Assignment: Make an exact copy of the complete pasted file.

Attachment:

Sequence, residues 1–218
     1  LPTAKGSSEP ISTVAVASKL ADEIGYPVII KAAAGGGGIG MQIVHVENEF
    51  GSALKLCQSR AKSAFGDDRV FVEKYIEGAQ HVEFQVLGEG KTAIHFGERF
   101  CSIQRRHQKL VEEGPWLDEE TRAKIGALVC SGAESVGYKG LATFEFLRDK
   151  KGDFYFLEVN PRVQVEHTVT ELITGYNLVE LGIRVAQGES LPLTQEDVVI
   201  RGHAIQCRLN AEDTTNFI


Sequence, residues 1–218
     1  LPTAKGSSEP ISTVAVASKL ADEIGYPVII KAAAGGGGIG MQIVHVENEF
    51  GSALKLCQSR AKSAFGDDRV FVEKYIEGAQ HVEFQVLGEG KTAIHFGERF
   101  CSIQRRHQKL VEEGPWLDEE TRAKIGALVC SGAESVGYKG LATFEFLRDK
   151  KGDFYFLEVN PRVQVEHTVT ELITGYNLVE LGIRVAQGES LPLTQEDVVI
   201  RGHAIQCRLN AEDTTNFI